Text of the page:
From December 12, 2017, to June 7, 2018, we ran our third OpenRefine user survey. Over five months; we received 122 responses. The goal of the study is to keep an accurate and up to date picture of the OpenRefine community.
When possible, we compared the 2018 results with our previous survey. You can view the full details of the 2012 and 2014 surveys.
Community you identify with
Librarians and researchers remain the two largest user group with 28.69% and 15.57% of the respondents (which is consistent with the 2014 results). We can notice the Data Science, and Non-Profit organization groups increased since 2014.
How often do you use OpenRefine
Usage frequency remains globally the same since 2012, with fewer respondents using it weekly (34.4% vs. 41% in 2014) and more on a monthly basis (42% today vs. 30% in 2014).
The user base change from daily users to weekly or monthly users. Note that we did not offer the option Less than once a month in the 2012 survey and remove the First time user option after 2012.
For how long have you been using OpenRefine
Users with over two years of experience are now representing 50% of the user base (vs. 38% in 2014). If we compare to the previous year, we see mostly the drop in user with less than six months of experience. While we cannot provide a reason for the decline, we can suppose it is due to the survey methodology, the maturity of the self-service data preparation markets with alternative tools available to the users or because fewer people have been introduced to OpenRefine over the last year.
Note that in the below analysis we included users that never used OpenRefine in the less than six months group (five respondents in 2014, nine in 2018).
How will you rate your skills using OpenRefine
Both in 2012 and 2014 we asked respondents to rate their skills from one to five. One being a novice in Refine and five being a master. This graph confirms the trends that the community is composed of advanced users with the only a third of them rating their skills at 1 or 2 out of 5.
Version of OpenRefine
The majority of the respondents use the latest release of OpenRefine (2.8).
High-level tasks you do with OpenRefine
Usage breakdown remains stable compared to the 2012 survey. 87.77% of the respondents are using OpenRefine to address more than one type of task.
The majority of the respondents use OpenRefine to normalize data (80%) and transform it (75%). We introduced the answer Preparing a dataset before visualization in another application (R, D3, Tableau, Fusion Table ...) in the 2018 survey.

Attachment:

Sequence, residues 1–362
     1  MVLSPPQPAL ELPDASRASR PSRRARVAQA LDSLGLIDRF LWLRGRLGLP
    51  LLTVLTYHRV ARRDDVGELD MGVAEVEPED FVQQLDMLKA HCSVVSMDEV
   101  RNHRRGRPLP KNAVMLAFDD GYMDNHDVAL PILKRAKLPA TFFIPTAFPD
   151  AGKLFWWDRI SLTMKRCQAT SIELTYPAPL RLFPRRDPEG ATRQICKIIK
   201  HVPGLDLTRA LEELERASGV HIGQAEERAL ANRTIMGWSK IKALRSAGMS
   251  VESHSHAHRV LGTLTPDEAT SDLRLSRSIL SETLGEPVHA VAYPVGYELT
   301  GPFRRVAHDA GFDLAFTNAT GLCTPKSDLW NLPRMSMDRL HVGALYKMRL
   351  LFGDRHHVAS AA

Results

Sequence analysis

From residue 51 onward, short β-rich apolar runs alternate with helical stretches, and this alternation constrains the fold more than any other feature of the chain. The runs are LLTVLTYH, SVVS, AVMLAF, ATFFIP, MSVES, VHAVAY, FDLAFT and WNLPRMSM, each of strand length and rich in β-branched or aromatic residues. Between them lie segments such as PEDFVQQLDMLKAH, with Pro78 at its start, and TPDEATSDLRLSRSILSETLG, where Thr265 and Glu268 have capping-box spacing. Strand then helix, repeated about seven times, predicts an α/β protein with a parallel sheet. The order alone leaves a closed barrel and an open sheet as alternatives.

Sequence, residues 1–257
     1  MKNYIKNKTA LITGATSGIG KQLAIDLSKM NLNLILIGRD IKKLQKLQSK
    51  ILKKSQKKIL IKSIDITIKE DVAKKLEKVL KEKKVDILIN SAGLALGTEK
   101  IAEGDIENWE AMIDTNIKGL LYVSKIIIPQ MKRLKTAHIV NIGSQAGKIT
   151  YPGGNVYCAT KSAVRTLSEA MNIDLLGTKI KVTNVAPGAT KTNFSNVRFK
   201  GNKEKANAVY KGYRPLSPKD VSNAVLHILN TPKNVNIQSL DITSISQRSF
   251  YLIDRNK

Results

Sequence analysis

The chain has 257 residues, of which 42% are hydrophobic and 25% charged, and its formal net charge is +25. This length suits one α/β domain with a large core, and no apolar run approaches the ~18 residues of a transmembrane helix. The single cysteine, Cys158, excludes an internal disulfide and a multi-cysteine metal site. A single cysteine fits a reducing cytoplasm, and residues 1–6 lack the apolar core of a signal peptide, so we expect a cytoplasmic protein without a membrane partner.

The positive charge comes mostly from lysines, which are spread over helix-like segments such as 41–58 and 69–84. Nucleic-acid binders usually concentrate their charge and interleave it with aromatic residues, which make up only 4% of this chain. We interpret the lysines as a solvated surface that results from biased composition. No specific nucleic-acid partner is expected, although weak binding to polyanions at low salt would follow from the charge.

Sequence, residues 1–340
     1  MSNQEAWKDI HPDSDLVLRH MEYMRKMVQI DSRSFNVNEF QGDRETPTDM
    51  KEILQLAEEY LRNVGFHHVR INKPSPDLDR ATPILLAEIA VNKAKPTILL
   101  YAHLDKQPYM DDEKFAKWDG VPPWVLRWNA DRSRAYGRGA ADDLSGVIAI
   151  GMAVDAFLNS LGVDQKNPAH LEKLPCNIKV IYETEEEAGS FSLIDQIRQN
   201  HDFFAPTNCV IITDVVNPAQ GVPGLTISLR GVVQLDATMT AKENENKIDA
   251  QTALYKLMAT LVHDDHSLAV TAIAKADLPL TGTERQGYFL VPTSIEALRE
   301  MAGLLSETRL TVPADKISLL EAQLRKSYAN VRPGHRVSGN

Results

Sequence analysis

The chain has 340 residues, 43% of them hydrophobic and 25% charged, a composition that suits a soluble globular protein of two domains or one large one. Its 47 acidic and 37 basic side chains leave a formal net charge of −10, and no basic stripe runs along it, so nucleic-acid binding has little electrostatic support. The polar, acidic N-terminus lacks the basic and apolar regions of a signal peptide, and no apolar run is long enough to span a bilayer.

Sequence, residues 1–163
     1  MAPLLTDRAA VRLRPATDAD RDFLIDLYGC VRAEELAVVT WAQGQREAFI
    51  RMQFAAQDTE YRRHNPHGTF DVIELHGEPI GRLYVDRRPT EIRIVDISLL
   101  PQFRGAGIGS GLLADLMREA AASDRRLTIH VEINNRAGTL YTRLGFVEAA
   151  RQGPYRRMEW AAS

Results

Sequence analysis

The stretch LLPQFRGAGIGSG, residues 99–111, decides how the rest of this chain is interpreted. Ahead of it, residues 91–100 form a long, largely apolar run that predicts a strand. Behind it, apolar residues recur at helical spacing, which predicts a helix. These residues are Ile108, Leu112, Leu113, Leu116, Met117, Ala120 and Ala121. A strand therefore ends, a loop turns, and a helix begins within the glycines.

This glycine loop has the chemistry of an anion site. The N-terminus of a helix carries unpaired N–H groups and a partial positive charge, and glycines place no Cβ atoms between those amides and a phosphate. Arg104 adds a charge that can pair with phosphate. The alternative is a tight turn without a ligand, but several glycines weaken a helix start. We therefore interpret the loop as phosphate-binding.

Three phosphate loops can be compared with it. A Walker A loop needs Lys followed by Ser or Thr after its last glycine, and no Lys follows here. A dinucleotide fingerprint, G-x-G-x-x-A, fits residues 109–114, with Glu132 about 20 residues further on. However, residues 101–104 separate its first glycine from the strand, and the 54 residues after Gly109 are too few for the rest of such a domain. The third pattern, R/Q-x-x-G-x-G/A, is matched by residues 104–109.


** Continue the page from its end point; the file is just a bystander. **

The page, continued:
Note: Respondant can select multiple answer. Click on the image to enlarge it.
Do you use plugin or extension?
62.3% of the respondents do not use plugins or extension; 22.13% installed only one plugin and 15% of them installed more than one (with one person installing eight plugins!). The RDF extension is the most popular extension with 14.8% of the respondents using it, followed by the VIB BITS and NER plugins.
Note: Respondent can select multiple answers. We consolidated blank answer with I don't use plugin or extension. Click on the image to enlarge it.
Do you use a reconciliation service?
The two top services used are Wikidata and reconcile-csv. 30.33% of the respondent installed only one reconciliation when 18.03% used more than one (with one person using six services!), and 51.6% of them do not use a reconciliation service.
Note: Respondent can select multiple answers. Click on the image to enlarge it.
Perception of Refine:
The following word clouds are more eye-pleasing than an in-depth analysis.
Why did you choose OpenRefine (Which features)
Excel, R, and python remain the mains alternative to OpenRefine. Since 2014, we can notice the emergence of other self-service data preparation tools like Trifacta and Talend Data Preparation.
Word used to describe OpenRefine
From the Feature Request and Anything to add
We compiled below suggestions and feature requests submitted via the survey.
- Improve performance and support larger dataset (11 requests)
- Improve GREL documentation with more snippets, recipe to help users to write GREL (5 requests).
- Support a library of GREL expression to save common transform (convert date, names, common regex, geocode data) with a native button to call them (5 requests).
- Hosted version (4 requests) for collaboration (2 requests).
- Improvement of the batch mode (3 requests) including details on which clustering process its done with its parameters.
- Support for Spark, Apache arrow/parquet.
- Detect the nature of the information based on a pattern (ex: column x contains phone numbers) and check if values in a field are acceptable or exist in locally controlled vocabularies.
- Store the templates for export in other formats like XML.
- Improve python support (store functions; auto-indent code).
- Better manage XML and JSON files.
- Export result to clipboard.
- An option to stop the service from the interface.
- Easier configuration memory allocated to OpenRefine.
Some suggestions regarding the User Interface:
- Renaming columns (2 requests) via all or double-clicking on them.
- Moving columns by drag and drop (2 requests).
- GREL Editors is too small for advanced GREL.
- Project organization using a directory structure.
- Search across all columns in a project.
- In the history tab, tagging and brief descriptions of the code would help in their discovery.
- Bigger/adjustable window for RDF skeleton in the RDF extension.
Regarding the reconciliation process:
- Reconciliation question should be a checkbox, not a toggle.
- Keep reconciliation data (-> links) when transformations are made across a column, e.g., combining the entries of two columns into one, now reconciliation data gets lost.
- Easily remove old reconciliation services.
New language or format support
Respondent suggested OpenRefine support more format and languages including:
- R language.
- .mrc/.mrk files.
- tde format export.